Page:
Predictors of a change in sleep pattern

A multiple logistic regression model including ‘change in sleep pattern’ as the categorical outcome variable with baseline demographics and pandemic-related factors as predictor variables was performed (Table S10). No co-linearity was found between predictor variables. A change in sleep pattern was overall most strongly associated with reported sleep medication use during the pandemic (β=1.276, 95% CI, 0.140 to 2.578, P=0.039), ongoing COVID-19 symptoms (β=1.124, 95% CI, 0.368 to 1.937, P=0.005) and reported mental health impact (β=0.969, 95% CI, 0.663 to 1.281, P<0.001), displaying a negative association with age (β=−0.026, 95% CI, −0.040 to −0.012, P<0.001), male gender (β=−0.350, 95% CI, −0.658 to −0.040, P=0.026) and general health rating (β=−0.244, 95% CI, −0.343 to −0.149, P<0.001) (Tjur’s R2=0.177, adjusted R2=0.165).

Association between sleep symptom categories and pandemic factors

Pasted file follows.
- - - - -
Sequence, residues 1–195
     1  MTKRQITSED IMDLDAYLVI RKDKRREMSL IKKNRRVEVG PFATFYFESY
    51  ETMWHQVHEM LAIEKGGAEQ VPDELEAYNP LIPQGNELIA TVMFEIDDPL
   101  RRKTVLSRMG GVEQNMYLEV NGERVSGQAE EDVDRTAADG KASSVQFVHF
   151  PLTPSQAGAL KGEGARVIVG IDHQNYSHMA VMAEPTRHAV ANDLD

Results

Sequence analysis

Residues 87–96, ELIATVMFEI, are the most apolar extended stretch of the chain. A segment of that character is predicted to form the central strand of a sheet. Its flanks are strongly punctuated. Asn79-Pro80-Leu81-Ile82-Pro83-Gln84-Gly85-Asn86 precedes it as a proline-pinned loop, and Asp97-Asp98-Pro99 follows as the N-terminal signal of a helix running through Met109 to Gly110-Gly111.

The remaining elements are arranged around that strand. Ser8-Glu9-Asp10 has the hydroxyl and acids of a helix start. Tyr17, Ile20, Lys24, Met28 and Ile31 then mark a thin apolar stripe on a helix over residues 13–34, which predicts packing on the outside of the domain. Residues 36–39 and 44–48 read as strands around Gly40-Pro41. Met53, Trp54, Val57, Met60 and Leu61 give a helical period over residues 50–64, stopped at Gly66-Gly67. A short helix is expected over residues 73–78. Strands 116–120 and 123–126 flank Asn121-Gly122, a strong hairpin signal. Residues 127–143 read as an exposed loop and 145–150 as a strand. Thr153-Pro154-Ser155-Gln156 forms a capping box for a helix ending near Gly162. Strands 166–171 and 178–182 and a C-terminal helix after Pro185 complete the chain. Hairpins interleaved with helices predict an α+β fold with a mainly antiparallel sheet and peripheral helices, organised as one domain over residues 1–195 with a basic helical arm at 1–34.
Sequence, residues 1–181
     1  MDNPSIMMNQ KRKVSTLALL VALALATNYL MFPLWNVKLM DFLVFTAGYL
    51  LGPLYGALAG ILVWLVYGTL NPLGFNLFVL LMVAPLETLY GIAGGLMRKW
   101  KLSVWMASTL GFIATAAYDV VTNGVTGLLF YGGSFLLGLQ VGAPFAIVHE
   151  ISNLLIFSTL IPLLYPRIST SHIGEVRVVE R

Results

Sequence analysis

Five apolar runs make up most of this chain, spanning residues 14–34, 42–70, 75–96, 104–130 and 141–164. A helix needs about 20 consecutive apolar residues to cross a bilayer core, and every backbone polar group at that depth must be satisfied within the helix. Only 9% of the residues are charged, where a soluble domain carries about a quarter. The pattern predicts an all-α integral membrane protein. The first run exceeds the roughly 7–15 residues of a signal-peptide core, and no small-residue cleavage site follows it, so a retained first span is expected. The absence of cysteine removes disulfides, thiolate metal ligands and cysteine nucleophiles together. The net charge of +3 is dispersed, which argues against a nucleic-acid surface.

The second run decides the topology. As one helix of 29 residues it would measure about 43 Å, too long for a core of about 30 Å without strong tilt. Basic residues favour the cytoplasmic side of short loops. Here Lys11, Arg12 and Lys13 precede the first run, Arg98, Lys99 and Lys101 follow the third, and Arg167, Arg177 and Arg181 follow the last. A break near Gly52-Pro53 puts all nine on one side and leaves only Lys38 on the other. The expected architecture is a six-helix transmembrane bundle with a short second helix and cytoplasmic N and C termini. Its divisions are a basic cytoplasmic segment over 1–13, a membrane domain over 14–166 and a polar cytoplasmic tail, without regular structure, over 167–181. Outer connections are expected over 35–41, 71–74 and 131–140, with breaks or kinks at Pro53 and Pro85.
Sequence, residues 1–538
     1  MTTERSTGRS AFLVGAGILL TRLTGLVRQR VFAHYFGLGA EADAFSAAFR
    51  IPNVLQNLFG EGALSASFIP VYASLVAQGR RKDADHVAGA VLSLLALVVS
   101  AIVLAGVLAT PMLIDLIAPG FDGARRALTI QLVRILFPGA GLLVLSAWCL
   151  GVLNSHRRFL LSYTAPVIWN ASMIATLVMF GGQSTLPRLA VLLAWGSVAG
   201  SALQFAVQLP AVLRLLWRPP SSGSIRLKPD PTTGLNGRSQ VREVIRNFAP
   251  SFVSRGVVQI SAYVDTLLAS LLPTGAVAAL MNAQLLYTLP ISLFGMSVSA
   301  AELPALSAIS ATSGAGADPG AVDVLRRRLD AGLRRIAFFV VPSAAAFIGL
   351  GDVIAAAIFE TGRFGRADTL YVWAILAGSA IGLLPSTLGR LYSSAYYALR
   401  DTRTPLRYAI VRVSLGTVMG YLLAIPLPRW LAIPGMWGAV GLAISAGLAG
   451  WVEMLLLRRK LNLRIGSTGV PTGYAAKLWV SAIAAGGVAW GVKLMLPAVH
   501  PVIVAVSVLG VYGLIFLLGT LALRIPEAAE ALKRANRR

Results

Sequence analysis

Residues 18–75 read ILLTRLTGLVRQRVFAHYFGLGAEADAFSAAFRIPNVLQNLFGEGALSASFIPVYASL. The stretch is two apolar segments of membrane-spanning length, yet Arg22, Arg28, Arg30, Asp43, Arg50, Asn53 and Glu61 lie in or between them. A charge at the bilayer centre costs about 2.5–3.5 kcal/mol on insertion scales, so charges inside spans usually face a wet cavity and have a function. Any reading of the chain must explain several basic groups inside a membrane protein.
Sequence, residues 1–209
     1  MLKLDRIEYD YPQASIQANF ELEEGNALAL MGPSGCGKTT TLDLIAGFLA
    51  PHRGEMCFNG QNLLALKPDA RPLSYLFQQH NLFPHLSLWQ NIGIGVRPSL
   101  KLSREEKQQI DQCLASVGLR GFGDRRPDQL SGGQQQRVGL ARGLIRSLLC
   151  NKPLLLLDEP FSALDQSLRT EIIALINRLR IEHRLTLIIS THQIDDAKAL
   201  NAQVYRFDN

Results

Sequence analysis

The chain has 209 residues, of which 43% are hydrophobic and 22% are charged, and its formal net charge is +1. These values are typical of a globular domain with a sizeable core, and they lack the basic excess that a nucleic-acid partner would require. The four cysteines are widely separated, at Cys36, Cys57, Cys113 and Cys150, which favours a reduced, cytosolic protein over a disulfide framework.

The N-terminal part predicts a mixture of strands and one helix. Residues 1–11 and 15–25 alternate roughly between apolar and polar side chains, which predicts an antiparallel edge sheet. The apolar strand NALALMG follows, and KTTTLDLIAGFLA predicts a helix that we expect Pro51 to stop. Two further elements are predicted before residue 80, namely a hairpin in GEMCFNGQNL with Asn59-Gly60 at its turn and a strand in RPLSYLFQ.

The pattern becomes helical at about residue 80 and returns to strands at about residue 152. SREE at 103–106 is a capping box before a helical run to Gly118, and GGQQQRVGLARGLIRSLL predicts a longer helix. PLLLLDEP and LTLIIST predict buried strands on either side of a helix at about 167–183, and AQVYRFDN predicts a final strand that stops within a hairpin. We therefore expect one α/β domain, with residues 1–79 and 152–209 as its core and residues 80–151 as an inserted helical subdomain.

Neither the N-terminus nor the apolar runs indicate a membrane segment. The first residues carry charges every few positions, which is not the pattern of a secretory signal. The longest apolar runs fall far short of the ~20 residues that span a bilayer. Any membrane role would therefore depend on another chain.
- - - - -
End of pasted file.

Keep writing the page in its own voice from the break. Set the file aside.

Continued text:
Insomnia/disrupted sleep was significantly associated with mental health impact (OR 2.435, 95% CI, 1.821 to 3.281, P<0.001), ongoing COVID-19 symptoms (OR 2.232, 95% CI, 1.159 to 4.385, P=0.018) and sleep medication use during the pandemic (OR 5.933, 95% CI, 2.142 to 20.030, P=0.002). Daytime symptoms were significantly associated with an impact on mental health (OR 2.332, 95% CI, 1.741 to 3.145, P<0.001) and sleep medication use during the pandemic (OR 3.450, 95% CI, 1.425 to 9.285, P=0.009). Abnormal behaviours in sleep were significantly associated with mental health impact (OR 2.198, 95% CI, 1.522 to 3.212, P<0.001) and reported disability (OR 1.504, 95% CI, 1.002 to 2.253, P=0.048). Sleep-disordered breathing was significantly associated with ongoing COVID-19 symptoms (OR 3.405, 95% CI, 1.610 to 7.450, P=0.002) and an impact on mental health (OR 1.725, 95% CI, 1.232 to 2.430, P=0.002). Restless legs symptoms were significantly associated with ongoing COVID-19 symptoms (OR 2.530, 95% CI, 1.143 to 5.388, P=0.024), an impact on mental health (OR 1.933, 95% CI, 1.318 to 2.862, P=0.001) and reported disability (OR 1.566, 95% CI, 1.029 to 2.364, P=0.034). Sleep phase disturbance was significantly associated with an impact on mental health (OR 1.669, 95% CI, 1.254 to 2.212, P<0.001), increased alcohol intake (OR 1.510, 95% CI, 1.080 to 2.121, P=0.017) and sleep medication use during the pandemic (OR 2.553, 95% CI, 1.084 to 6.713, P=0.041) (Figure 3).